In the buzz around Project Scarlett, the long-rumoured next-gen Xbox console revealed at last week's Xbox E3 presser, a lot of us missed the fact that most of the conversation has been talking about a single console. What happened to the two-tier version of the project? Are we getting one console or two?
In the initial rumours, Project Scarlett consisted of two consoles — the high-end performance beast codenamed Anaconda and the stripped-down cheaper option codenamed Lockhart. Yet in the Xbox E3 briefing and in subsequent interviews, Project Scarlett was mostly referred to as a single console solution. Given that the vague sizzle reel for Scarlett talked so much about the power of the new tech, we'd have to assume that the developers were talking about the Anaconda element of the original rumour.
The rumblings of Lockhart either being cancelled or simply not being what we thought it was has been exacerbated by a recent interview of Phil Spencer by Business Insider's Ben Gilbert. The stand-out moment in this interview is when Gilbert deliberately presses Spencer on the existence of two consoles within the Scarlett concept. Here's Spencer's response to E3 2018's claims of multiple "consoles" in the works:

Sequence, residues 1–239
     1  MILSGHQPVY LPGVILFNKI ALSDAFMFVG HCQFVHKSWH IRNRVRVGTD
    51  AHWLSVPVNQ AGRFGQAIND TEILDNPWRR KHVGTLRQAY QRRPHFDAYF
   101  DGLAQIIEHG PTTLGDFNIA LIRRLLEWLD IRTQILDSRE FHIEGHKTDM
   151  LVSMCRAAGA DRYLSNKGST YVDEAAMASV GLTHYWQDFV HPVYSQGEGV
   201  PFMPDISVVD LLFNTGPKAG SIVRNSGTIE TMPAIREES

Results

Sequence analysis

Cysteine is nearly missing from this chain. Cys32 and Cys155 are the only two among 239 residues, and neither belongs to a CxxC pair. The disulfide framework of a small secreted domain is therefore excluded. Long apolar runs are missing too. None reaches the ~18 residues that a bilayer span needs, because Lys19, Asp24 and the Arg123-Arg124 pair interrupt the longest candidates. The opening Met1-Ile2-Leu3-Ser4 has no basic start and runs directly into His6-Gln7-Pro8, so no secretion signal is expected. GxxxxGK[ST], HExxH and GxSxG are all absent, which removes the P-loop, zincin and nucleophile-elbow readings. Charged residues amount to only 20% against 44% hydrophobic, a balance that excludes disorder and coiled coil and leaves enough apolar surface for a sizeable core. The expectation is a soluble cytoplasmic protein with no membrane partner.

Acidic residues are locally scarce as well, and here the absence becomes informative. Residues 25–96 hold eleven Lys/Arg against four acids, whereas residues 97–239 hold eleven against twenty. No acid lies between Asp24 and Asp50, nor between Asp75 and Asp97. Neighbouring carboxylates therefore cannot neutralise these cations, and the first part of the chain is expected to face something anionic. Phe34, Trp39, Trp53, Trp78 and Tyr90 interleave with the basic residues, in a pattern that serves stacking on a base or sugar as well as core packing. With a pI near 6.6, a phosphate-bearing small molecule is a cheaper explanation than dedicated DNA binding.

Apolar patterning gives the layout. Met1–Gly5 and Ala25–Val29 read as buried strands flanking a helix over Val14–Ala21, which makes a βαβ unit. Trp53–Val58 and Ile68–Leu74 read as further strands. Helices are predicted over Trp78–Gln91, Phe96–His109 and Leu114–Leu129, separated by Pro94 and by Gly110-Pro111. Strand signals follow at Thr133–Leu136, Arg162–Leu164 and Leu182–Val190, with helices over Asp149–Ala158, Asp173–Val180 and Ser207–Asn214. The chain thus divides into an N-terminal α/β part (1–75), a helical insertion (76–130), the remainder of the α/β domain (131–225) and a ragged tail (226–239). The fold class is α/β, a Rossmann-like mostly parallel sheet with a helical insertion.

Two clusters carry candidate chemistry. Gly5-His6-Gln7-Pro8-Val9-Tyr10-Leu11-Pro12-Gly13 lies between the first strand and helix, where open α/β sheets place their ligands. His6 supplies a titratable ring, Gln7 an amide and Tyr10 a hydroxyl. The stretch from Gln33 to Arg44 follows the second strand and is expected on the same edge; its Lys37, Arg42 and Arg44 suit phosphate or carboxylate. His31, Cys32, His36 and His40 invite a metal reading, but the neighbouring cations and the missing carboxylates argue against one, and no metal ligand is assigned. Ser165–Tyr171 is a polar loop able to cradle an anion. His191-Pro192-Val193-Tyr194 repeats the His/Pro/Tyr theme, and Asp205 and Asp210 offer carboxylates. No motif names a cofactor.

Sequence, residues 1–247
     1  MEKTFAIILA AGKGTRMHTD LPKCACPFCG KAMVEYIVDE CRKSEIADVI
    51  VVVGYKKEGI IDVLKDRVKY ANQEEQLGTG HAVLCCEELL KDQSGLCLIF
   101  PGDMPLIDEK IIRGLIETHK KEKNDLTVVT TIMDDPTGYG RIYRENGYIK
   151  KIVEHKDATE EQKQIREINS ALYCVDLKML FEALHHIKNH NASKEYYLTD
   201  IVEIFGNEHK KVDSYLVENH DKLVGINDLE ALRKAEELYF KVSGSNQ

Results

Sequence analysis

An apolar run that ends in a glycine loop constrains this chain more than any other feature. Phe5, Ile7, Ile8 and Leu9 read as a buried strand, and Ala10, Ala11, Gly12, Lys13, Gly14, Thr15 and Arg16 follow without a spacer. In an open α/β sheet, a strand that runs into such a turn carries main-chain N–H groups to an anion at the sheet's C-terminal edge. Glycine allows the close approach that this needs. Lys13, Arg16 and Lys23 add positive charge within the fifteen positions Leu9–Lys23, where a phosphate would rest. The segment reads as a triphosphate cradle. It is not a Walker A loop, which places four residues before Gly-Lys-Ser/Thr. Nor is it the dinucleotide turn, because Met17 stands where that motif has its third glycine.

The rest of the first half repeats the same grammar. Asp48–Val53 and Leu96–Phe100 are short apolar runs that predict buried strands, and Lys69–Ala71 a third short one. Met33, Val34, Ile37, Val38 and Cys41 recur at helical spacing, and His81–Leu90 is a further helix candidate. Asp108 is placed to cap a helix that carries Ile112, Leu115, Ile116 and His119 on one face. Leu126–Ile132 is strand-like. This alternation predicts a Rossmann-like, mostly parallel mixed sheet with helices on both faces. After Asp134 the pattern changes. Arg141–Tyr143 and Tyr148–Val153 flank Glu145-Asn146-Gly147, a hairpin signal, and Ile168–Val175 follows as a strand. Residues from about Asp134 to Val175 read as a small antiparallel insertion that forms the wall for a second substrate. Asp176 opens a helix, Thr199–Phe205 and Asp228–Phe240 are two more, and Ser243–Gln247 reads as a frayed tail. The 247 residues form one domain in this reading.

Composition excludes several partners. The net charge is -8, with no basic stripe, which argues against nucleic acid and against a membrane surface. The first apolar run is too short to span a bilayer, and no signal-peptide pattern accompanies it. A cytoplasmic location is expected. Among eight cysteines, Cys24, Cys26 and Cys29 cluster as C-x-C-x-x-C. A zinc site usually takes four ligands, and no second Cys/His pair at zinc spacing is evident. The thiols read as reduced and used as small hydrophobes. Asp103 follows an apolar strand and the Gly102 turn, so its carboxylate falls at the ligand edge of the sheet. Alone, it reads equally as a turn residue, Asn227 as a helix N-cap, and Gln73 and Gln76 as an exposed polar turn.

"Last year we said consoles, and we've shipped a console and we've now detailed another console. I think that's plural."That "shipped" console isn't a new console by most people's standards, unless you think just taking the disc drive out of a box makes it a dramatic new concept. Gilbert clearly thought the same, but Spencer held his ground: "Technically that is plural".
Spencer didn't comment any further, except to say that Project Scarlett is the focus at this time. It would make sense given the less than stellar response to the disc-less Xbox One that Lockhart might have been scrapped. There's also rumblings that Sony's next generation console — still not officially teased, let alone discussed in detail — will be more powerful than what Scarlett is purported to be. If that's the case, the Xbox team may well be better off trying to make Scarlett as appealing a prospect as possible, both in terms of tech and marketing. Splitting that effort into two products — which could end up confusing customers at retail — may now seem less of a priority than making sure Scarlett — or Anaconda, or whatever — looks and plays as impressively as possible.